Summary: what 39. 3 does *not* require • No requirement to protect data not submitted to a government agency. – No prohibition upon reliance of foreign regulatory decisions • No requirement to extend protections to second indications, formulations and dosage forms. • No requirement for exclusive rights.
US and EC protections of data for registration of pharmaceuticals exceed TRIPS requirements • In 1984, the US 5 years of exclusive rights to data used to register pharmaceutical NCEs, and 3 years for some other uses. – Part of a political compromise to speed registration of generic drugs • In 1987, the EC adopted a 6 -10 year regime for exclusive rights in data – Originally to address lack of patent protection in Spain and Portugal and for some biotech inventions – Recently extended • The US Federal Insecticide, Fungicide, and Rodenticide Act (FIFRA) provides longer protection for data, but also includes mandatory compulsory licensing for some data.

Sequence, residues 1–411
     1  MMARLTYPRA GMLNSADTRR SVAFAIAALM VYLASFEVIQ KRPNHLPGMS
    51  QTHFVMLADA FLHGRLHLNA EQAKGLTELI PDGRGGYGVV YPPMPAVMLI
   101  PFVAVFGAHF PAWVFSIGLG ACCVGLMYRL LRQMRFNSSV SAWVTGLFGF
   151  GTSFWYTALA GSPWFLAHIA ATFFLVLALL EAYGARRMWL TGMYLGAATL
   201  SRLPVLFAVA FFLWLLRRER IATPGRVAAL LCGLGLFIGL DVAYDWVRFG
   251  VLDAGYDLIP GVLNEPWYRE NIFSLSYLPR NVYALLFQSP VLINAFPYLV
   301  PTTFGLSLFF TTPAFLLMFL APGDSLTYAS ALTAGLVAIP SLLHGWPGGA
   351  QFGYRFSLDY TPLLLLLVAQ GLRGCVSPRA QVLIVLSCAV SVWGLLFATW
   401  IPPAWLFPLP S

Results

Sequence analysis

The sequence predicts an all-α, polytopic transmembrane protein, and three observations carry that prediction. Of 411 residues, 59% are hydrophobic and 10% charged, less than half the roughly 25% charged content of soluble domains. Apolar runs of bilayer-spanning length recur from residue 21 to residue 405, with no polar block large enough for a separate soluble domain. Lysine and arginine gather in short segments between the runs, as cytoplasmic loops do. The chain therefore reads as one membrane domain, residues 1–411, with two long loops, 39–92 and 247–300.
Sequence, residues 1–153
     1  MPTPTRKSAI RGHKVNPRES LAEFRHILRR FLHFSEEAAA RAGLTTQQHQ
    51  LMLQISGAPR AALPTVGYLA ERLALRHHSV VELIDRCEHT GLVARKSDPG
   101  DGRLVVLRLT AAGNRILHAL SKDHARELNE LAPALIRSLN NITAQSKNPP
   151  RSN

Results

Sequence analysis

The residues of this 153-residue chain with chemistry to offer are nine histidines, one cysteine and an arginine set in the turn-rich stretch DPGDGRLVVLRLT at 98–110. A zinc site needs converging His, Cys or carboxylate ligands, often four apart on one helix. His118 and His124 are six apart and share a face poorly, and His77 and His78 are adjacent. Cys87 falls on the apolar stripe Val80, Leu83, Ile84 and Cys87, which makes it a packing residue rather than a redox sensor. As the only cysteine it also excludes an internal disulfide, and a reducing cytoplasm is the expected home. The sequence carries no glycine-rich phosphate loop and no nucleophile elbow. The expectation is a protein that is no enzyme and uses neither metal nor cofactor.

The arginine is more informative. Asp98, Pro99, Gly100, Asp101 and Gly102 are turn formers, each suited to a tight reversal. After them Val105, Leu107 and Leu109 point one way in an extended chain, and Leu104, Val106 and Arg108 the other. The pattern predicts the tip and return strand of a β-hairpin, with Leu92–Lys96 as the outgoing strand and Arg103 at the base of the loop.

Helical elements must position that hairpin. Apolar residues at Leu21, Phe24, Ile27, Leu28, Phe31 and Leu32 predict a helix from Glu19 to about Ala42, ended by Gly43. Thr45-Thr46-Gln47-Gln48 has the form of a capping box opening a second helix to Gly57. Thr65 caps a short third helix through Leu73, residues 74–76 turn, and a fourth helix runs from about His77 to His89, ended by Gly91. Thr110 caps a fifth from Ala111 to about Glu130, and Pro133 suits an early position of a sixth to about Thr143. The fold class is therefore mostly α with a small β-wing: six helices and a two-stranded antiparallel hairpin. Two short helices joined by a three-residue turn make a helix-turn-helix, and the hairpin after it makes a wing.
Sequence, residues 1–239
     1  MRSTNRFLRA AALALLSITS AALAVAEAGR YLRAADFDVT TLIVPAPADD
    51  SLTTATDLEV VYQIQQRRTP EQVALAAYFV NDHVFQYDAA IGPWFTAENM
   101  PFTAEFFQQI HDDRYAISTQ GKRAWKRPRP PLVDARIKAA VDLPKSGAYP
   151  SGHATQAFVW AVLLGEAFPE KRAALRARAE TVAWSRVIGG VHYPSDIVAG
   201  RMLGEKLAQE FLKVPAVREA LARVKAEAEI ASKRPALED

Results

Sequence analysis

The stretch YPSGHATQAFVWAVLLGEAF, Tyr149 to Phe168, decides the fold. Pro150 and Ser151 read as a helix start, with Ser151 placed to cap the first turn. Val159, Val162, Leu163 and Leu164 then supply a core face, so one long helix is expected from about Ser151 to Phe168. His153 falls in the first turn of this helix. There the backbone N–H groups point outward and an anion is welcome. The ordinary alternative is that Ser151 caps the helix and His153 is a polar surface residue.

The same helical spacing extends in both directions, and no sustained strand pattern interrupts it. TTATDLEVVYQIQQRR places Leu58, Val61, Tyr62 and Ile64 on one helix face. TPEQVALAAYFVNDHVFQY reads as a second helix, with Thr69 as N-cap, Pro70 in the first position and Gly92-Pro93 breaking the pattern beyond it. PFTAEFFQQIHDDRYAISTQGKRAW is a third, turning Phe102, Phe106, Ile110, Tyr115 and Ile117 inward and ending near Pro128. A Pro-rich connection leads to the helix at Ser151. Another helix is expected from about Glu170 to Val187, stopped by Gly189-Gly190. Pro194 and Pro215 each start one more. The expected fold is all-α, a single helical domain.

The United States Government and the European Commission have made high levels of protection for data registration for pharmaceuticals and agriculture a priority in bilateral and regional trade discussions • Trade actions against dozens of countries – But no WTO cases, because USTR does not want to see a panel on 39. 3 • US sometimes asks for higher levels of protection than exist in USA. • Ph. RMA sees as barrier to compulsory licensing, and protection against weak or non-existent patent protection